Making New York Cool Again

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Children play in a Washington Square Park fountain during a heat wave.

To conclude its three months of research, outreach and storytelling this past summer, the four organizations that pioneered the Harlem Heat Project held a community workshop Oct. 15. Participants in the project, as well as invited experts from the fields of public health, architecture, emergency management and climate change, brainstormed ways to alleviate the risks of extreme heat in cities. Here are their ideas:

  1. Create “cool spaces” that fit into residents’ daily lives. The city already offers “cooling centers,” air-conditioned places open to the public on extremely hot days. But few people use them because they are out of the way. Two teams proposed air-conditioning spaces that lie directly in the path that residents take every day -- such as the lobbies of public housing buildings. Unlike cooling centers, these cool spaces could be restricted to a building’s residents, rather than being open to the general public; but it would be far more convenient to be able to stop off for a few minutes in these spaces on the way to or from one’s own (non-air-conditioned) apartment, than to walk the two or three blocks just to cool off. The nature and location of the “cool space” would vary based on the building’s architecture: it might not be indoors at all, but instead outdoor grilling areas where tenants could cook without heating up their apartments.
  2. Plant community roof gardens. This idea would combine the benefits of a green roof (dissipating heat and absorbing storm water) with that of the “cool spaces” above (by providing shade and greenery). Vines or “vertical farms” on each building’s exterior walls would extend the cooling benefits to lower floors. The team behind this concept also saw the roof as a way to catalyze the youth of a particular building: they could come together, learn gardening skills and even grow their own food.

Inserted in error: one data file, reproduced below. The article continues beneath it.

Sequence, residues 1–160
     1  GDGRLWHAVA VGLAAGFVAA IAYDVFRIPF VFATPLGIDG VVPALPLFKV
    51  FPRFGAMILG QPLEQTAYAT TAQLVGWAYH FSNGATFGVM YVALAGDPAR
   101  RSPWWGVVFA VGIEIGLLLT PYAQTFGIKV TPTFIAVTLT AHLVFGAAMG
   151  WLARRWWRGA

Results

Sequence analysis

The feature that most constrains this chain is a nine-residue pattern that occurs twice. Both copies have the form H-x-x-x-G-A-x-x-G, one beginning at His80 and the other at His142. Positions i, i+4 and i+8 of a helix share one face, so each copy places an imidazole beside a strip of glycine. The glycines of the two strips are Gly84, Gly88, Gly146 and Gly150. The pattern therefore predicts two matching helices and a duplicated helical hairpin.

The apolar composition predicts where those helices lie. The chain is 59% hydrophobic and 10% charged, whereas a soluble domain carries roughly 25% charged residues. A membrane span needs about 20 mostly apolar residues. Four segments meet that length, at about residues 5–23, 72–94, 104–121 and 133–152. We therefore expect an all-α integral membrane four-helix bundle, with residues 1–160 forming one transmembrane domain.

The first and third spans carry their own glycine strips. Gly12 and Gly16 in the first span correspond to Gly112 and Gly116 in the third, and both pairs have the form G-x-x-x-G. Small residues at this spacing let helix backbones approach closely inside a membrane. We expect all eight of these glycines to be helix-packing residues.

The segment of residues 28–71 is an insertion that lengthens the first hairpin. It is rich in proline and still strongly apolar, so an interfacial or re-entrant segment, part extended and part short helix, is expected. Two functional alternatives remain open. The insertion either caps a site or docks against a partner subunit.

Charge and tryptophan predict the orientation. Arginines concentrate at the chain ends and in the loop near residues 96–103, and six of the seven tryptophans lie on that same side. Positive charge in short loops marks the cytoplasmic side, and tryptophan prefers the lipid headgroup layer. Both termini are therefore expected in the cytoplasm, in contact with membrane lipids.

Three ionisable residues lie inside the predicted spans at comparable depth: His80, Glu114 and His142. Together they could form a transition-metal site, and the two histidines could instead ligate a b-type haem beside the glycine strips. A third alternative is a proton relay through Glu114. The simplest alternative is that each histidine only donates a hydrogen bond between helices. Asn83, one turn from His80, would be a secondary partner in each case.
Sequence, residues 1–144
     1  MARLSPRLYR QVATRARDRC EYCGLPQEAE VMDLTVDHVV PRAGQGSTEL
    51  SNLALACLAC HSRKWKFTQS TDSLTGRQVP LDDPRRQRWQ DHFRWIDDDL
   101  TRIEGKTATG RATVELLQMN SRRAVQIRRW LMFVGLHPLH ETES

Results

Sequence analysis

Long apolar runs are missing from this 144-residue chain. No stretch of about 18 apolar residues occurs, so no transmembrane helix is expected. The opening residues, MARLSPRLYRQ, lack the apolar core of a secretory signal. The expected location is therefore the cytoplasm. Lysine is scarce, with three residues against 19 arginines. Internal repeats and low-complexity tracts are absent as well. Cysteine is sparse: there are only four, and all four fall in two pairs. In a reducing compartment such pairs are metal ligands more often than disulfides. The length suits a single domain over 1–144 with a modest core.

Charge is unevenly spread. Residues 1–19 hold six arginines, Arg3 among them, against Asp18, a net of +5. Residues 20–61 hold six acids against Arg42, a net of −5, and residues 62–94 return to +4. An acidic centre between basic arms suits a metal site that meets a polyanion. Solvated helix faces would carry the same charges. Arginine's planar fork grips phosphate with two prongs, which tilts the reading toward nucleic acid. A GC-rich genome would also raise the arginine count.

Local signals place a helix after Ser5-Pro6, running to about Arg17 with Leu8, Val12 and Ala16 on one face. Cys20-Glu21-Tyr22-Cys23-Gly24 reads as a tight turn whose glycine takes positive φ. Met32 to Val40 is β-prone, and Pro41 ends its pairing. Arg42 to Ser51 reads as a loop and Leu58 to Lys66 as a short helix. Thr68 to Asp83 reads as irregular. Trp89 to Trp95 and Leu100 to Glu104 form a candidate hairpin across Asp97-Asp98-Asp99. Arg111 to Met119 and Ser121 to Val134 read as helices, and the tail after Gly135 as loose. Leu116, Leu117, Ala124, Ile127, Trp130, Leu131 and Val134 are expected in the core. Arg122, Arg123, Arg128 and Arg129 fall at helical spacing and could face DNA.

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  3. Personalized heat alerts. In order to conduct its research on indoor heat, the Harlem Heat Project placed small sensors that measure heat and humidity in about 30 apartments. One team proposed expanding this network of sensors to any resident who wanted one, and hooking them up through some sort of wireless network. When the heat in an apartment rose above a certain temperature — each resident would determine what that was based on his or her tolerance to heat — either a central command, or a “telephone tree” of neighbors and relatives would be alerted and advised to check up on the resident. Such a system would allow others to know when an elderly or frail individual was facing risk before he or she ended up at the emergency room.  

Each of these ideas present their own challenges. But several individuals at the workshop, as well as partners in the Harlem Heat Project, expressed interest in wanting to pursue a pilot project based on one or more of the proposals. WNYC will follow the Harlem Heat Project into its next phase and keep you informed about it.